May is excited that he even talked to her at all (she may have a small crush on him). While she is cavorting on the rooftop who should show up but Ladyhawk! She thinks Spider-Girl is a burglar because May is wearing her blue and black spandex outfit again. Ladyhawk throws her whole bag of tricks (Ladyhawk Hoops, gas grenades, and Hawk Claws) at her, not bothering to listen to May's protestations. Our hero fights back and easily puts Ladyhawk on the run. Eventually, May is lead all the way to a familiar looking warehouse. Before she can worry about if Ladyhawk knows her secret identity she is attacked again. By not one but two Ladyhawks! That's right, it's one of the oldest tricks in the book – twins pretending to be one person. Spider-Girl puts up a good fight against both of them, but before things get too ugly in steps Uncle Phil!
It turns out that she is not only superhero he's been helping out. The Ladyhawk sisters own the warehouse Phil was using for their practice earlier. They explain their scheme – make like Batman, but go heavy on the merchandising so they can build a state of the art crime lab (sounds familiar, doesn't it?). They want to build their brand and figure two people masquerading as one is the fastest way to achieve that goal. Speaking of which... “Where are your webs?” one asks, saying she is blowing major merchandising power. It's a good question, one we see her still contemplating on the warehouse rooftop as the day ends.
This is an interesting issue, in that we have a story where our protagonist doesn't fight any crime or even wear a real costume. It kinda reminds me of Amazing Spider-Man #18. Of course, this is more of a tryout issue for Ladyhawk (see footnote below), but it fits into May's ongoing identity crisis.
I love the little twists and turns in the subplots (Uncle Phil's misunderstanding with Peter, Jimmy and Moose's ongoing feud, etc). This is what really brings the main character's world to life and what originally drew me to Spider-Man in the first place.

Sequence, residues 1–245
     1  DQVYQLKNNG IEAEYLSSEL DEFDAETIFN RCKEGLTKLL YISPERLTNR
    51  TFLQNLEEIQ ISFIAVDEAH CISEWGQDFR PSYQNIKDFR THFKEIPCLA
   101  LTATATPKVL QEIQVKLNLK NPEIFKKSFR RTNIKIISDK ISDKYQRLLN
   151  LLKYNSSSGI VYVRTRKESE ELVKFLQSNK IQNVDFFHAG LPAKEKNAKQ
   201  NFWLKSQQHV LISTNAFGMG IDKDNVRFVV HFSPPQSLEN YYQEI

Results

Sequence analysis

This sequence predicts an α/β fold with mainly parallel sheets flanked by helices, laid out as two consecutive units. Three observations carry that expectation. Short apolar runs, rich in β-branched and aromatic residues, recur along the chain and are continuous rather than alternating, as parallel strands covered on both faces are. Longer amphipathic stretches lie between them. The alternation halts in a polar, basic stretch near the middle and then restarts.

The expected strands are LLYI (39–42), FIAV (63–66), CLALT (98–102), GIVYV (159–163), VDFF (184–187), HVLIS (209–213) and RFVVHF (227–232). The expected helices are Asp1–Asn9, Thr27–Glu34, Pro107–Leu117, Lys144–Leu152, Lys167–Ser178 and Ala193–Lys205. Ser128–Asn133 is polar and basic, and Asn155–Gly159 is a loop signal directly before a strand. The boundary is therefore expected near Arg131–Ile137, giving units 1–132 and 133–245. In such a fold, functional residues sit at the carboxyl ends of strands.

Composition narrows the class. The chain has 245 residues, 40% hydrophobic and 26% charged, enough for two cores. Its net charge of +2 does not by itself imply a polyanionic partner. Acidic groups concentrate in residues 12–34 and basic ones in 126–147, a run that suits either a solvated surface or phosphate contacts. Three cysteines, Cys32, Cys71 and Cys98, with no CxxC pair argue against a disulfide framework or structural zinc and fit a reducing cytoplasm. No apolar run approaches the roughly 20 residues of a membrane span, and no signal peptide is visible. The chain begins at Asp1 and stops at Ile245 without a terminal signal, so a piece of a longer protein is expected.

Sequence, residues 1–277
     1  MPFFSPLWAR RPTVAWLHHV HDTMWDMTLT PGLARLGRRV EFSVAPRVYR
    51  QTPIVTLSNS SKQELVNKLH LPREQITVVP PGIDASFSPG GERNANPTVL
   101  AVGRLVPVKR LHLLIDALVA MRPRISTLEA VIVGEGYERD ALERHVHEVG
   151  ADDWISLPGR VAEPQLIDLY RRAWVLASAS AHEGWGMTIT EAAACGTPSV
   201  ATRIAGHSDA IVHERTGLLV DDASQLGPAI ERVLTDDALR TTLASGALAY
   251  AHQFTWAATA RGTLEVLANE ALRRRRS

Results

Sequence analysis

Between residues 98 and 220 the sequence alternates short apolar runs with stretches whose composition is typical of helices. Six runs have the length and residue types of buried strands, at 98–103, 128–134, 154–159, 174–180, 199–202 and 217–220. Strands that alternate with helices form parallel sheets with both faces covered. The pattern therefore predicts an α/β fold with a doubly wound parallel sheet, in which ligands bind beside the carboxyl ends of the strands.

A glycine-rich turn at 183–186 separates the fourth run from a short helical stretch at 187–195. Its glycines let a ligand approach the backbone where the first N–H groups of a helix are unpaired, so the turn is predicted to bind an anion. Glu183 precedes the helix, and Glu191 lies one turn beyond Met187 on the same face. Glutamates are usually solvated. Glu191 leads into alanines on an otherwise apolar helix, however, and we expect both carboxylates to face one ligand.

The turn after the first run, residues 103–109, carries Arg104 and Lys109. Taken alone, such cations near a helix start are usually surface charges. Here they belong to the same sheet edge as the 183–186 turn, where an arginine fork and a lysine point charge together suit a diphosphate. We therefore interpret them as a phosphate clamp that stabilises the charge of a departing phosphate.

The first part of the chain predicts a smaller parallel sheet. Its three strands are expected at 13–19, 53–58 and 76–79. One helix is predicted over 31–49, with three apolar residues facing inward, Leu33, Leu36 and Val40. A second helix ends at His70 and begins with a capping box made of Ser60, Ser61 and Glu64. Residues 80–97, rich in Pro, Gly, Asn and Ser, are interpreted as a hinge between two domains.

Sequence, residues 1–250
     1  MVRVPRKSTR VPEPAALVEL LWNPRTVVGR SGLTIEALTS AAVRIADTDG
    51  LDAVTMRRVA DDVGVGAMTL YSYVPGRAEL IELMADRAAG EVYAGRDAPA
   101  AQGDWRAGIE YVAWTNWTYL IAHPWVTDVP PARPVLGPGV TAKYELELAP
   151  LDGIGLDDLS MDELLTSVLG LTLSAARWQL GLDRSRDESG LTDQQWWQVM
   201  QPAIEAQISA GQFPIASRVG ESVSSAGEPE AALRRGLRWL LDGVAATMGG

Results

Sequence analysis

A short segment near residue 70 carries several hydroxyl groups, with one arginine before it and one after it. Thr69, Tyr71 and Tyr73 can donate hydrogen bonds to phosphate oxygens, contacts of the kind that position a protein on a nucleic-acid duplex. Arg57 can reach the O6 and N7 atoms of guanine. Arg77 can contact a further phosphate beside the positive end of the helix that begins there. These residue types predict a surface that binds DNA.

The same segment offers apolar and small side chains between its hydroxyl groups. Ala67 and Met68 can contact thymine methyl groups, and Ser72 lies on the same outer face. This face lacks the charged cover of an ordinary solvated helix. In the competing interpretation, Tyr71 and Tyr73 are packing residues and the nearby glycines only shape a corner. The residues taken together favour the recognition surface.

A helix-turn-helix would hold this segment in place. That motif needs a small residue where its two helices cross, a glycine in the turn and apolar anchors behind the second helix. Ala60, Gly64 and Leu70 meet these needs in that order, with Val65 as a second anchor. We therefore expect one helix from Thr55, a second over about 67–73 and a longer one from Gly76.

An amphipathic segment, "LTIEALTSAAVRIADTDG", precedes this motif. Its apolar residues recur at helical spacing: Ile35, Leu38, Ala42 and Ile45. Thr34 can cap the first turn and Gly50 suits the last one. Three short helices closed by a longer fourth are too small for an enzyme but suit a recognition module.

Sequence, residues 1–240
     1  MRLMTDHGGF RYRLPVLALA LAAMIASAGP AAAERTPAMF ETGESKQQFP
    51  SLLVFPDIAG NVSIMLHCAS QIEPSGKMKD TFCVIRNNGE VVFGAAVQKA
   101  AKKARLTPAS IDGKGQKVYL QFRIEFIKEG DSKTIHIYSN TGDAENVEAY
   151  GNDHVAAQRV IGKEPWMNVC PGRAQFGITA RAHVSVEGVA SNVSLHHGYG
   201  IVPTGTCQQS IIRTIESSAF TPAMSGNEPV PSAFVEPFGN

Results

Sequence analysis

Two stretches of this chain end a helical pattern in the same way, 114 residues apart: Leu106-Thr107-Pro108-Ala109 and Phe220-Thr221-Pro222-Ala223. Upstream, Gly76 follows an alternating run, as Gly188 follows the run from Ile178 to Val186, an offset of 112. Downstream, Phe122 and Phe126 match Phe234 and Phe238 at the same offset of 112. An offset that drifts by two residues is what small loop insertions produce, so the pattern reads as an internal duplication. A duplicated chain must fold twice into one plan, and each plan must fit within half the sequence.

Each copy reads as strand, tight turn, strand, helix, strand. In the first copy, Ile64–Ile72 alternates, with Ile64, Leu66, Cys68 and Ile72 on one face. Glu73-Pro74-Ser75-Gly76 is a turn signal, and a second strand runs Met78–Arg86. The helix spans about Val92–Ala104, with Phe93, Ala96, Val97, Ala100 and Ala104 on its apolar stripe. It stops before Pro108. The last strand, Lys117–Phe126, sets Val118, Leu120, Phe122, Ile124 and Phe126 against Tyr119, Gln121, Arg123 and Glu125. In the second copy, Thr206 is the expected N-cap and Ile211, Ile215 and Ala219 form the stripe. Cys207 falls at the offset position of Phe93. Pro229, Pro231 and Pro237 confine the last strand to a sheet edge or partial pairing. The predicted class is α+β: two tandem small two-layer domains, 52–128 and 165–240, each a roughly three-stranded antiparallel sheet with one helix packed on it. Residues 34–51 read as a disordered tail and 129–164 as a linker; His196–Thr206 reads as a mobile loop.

It is hard to imagine now, but at the beginning of the MC2 launch, there was a real buzz. In addition to the three original titles there was a contest to see which newly introduced characters would get a new series. There were 16 contestants, culled from the following titles - A-Next, J2, and our very own Spider-Girl.
They were American Dream (Sharon Carter's daughter, from A-Next #4), Argo (Hercule's son, from A-Next #6), Bluestreak (think Quicksilver, from A-Next #4), Coal Tiger (Black Panther's son, from A-Next #4), Darkdevil (from Spider-Girl #1), Doc Magus (from A-Next #3), Earth Sentry (think Captain Marvel, from A-Next #2), Fantastic Five (like Spider-Girl herself, also from What If? #105), Freebooter (think Hawkeye, from A-Next #4), Ladyhawk (from this very issue), Magneta (possibly Magneto's daughter, from J2 #6), Mainframe (a next generation Iron Man, from A-Next #1), Stinger (Scott Lang's daughter, from A-Next #1), Thunderstrike (Kevin Masterson's son, from A-Next #1), Wild Thing (Wolverine's daughter, from J2 #5) and the X-People (from J2 #2).
Spoiler alert: The Fantastic Five and Wild Thing won. But since they each only lasted 5 issues I don't think it was much to brag about. They simply didn't have the emotional hook or storytelling potential that Spider-Girl did.